I gained 1,479 targeted Twitter followers in 28 days to kick off the new year.
More importantly, I converted almost 13% of the users who came to my blog via Twitter to sign up for my email list.
The following article breaks down the goal that I originally set, how I drove traffic to my blog and the 4 steps I used. I’ve also added a 5th step you can use to really boost your followers with a little more time investment.
This post has a ton of valuable action items and is over 2600 words long, so I’ve made a PDF copy available for download below!
The Goal for Targeted Twitter Followers Explained
If you know me at all you know that the first thing I did was set a SMART goal. The goal was to gain 1500 targeted twitter followers in January, spending less than 4hrs per week doing it.
I started the month with less than 50 followers so part of this experiment was how quickly I could gain followers and start driving traffic to my blog.
The rest of the reasons behind this goal are broken down below:
1. The quantity
I’ve seen other people advertise 1000 in a month or something along those lines. So I wanted to push it a bit and see just what I can do. The biggest challenge here is that twitter will block or suspend users who mass follow or unfollow, so I had to limit myself to about a 100 of each a day.
There are plenty of places online you can buy followers, or you can use the “#followback” to find people who actively advertise that they will exchange follows.
That’s not the point of gaining twitter followers… at least not for me (hopefully not for you either).
I want to gain followers who are interested in the topics I’m writing about. Those who will benefit from reading my words. Followers whom I may be able to help escape the 9-5 grind.
A month is a good time period to experiment with. At the start of the process, I was very interested to see how increasing my twitter followers would translate to page views and email subscribers.
4. 4hrs per week
I’ve got a lot going on, and building my twitter audience is just one of my content marketing strategies. For this to be an effective strategy it had to be something that could be done without significant time invested.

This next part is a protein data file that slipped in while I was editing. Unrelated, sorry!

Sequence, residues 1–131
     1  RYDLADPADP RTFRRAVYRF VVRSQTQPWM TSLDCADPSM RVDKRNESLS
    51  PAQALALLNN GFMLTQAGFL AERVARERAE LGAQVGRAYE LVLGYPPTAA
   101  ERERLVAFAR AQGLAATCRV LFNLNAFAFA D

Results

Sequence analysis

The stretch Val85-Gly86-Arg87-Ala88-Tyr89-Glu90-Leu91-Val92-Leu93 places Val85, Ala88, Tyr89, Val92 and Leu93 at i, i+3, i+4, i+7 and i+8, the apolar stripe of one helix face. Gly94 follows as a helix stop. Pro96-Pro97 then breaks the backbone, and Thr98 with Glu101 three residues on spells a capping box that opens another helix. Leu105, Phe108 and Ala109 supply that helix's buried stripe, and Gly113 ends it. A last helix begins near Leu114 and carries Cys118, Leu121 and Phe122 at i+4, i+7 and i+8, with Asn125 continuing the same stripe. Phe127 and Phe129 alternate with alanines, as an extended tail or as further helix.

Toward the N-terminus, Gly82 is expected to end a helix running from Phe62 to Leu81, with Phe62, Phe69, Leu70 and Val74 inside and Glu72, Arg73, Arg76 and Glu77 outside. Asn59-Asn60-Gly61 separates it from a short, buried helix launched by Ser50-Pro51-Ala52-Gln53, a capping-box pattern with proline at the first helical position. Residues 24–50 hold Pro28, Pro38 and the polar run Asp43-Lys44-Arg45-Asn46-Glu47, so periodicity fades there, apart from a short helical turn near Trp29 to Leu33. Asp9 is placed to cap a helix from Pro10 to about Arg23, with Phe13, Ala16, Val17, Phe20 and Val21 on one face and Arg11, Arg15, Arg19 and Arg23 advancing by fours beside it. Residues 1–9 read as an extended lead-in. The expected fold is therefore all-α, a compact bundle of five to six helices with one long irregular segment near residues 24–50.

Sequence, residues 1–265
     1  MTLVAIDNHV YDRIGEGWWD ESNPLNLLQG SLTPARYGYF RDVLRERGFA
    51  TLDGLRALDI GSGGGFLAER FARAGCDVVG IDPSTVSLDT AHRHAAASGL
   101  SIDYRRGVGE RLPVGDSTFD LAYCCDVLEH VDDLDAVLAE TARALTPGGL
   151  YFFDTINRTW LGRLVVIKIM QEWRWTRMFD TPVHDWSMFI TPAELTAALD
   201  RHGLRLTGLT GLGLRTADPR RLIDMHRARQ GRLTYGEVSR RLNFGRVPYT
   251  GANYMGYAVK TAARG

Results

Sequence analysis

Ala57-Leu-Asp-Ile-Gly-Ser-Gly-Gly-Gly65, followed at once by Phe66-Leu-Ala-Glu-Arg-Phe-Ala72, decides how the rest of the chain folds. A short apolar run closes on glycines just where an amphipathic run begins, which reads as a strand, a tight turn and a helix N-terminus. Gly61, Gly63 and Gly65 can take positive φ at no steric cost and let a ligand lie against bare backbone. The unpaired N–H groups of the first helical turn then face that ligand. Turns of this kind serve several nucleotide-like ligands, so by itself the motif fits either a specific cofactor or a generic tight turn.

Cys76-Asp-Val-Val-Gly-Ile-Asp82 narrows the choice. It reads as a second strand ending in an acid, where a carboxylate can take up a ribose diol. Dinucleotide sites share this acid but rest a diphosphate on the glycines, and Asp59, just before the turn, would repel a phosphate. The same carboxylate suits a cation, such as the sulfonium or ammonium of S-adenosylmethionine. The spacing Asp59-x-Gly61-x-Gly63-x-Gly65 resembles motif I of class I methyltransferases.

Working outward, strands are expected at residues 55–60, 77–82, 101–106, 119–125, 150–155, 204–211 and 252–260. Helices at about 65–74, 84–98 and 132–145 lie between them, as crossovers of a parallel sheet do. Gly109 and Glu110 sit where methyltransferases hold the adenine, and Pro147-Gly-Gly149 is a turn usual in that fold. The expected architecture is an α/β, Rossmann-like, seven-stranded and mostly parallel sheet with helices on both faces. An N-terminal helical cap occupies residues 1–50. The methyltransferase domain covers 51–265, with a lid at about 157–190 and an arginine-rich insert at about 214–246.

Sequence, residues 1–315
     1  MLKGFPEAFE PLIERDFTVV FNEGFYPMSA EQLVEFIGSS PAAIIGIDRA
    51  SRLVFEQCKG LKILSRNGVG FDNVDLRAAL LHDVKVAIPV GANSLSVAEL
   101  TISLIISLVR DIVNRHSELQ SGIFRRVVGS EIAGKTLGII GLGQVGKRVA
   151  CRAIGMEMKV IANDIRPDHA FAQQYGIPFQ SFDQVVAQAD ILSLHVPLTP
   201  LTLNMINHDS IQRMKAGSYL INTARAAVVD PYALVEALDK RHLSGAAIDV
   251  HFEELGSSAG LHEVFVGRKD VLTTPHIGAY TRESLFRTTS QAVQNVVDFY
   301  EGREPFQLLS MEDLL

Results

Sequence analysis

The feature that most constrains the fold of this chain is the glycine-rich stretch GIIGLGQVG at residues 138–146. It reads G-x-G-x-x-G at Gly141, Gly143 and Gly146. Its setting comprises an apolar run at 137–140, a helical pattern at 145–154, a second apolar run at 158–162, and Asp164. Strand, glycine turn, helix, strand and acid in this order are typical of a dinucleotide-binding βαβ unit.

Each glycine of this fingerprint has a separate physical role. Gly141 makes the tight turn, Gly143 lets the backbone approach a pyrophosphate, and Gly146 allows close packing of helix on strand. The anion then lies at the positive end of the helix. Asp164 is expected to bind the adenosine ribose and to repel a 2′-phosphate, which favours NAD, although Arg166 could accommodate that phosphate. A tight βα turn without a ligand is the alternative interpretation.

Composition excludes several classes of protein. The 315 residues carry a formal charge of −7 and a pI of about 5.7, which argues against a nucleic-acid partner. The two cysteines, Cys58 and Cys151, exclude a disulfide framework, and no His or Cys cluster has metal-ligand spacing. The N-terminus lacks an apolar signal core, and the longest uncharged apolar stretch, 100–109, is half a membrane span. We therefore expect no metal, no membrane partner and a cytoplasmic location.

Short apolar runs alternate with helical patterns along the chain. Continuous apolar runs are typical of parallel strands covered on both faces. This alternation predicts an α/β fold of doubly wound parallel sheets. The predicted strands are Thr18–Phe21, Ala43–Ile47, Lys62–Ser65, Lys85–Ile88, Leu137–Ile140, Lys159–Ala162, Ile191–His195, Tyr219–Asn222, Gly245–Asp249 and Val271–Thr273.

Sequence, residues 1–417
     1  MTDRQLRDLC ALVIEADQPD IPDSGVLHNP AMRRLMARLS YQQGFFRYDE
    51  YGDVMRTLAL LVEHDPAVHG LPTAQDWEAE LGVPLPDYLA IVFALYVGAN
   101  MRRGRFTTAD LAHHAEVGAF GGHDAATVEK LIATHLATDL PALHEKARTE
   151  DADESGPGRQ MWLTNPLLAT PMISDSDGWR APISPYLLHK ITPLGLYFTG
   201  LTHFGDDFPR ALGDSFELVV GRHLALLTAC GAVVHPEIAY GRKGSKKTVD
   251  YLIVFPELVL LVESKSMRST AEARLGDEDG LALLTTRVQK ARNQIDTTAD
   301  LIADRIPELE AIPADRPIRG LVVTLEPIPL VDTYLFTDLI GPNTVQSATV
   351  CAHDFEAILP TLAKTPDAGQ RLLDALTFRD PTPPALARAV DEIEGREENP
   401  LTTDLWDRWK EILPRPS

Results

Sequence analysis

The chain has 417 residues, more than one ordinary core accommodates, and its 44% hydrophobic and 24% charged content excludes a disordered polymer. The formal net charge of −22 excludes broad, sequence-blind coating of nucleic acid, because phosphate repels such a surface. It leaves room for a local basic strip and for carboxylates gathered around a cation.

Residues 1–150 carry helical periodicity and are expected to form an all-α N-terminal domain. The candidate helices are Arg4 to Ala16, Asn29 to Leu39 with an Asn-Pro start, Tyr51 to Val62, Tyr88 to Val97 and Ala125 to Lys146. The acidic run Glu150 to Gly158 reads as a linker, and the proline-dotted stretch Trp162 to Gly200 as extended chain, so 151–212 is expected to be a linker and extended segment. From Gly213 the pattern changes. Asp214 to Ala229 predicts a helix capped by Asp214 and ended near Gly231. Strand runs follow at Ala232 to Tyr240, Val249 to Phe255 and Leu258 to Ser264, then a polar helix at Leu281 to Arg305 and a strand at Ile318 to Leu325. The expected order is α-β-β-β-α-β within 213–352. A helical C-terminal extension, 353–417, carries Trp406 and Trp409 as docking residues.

I chose Twitter for several reasons. First off is simply that I like Twitter. And it’s not Facebook. Nothing against Facebook, but I think it’s a much more crowded space than Twitter.
I like many of the tools you can use with Twitter (more on that to come).
It’s easy to automate your content.
Lastly, due to the character limit on the tweets, I find it’s easier to put out content that will attract. (although as of January of 16′ there are a lot of rumors that character limits may be raised!).
Step 1: Connect with your followers
Frankly, the number of your twitter followers doesn’t matter. Period.
How you can channel your twitter followers to help you achieve your overall goal is the only reason to build a large audience on twitter.
To that end, when you connect with people on twitter you want to engage them. You want to acknowledge them and start a dialogue with them. And if possible, you want to use the first impression to drive your new followers to a landing page, giveaway, or product.
There are two basic ways to do this. Direct messages or shout outs via tweet. Some feel direct messages are too forward and obtrusive with a new follower.
I, however, feel it’s a MUCH better way to accomplish your goal (Driving traffic off of twitter).
A tweet out to need followers acknowledges them, but it does nothing to get your message across.
With a direct message, you can say hello, thank them for following, and invite them to check out your product, join your email list, or sign up for a service.
Here’s a sample of my direct message.
My number one goal for the first half of this year is to push traffic to this little blog. By linking them to my landing page for “Journey to 100k, without a job” puts them a single click from joining my email list.
Granted, you may lose a few followers this way. That’s ok. They obviously aren’t your audience anyway.
I like to use Crowdfire’s Automate feature for this function. This will send out a custom direct message instantly to someone who follows you. You can also have multiple messages set up, letting you perform A/B tests for free.
Step 2: Gain an Audience
It’s really easy to gain an audience on twitter. You can buy one of somewhere between 5000-10,000 people on many sites around the web.
Almost all of these followers will be generic, #followback people that have zero interest in you or your business.
This will get you nowhere.